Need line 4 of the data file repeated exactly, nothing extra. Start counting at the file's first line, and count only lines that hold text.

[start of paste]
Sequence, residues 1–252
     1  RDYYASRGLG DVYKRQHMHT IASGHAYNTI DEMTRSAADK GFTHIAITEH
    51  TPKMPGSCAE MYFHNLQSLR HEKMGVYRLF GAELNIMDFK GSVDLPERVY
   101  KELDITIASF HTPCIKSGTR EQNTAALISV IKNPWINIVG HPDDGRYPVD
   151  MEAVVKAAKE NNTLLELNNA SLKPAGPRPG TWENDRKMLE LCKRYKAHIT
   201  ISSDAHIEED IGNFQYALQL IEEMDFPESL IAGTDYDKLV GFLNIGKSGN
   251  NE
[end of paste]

   101  KELDITIASF HTPCIKSGTR EQNTAALISV IKNPWINIVG HPDDGRYPVD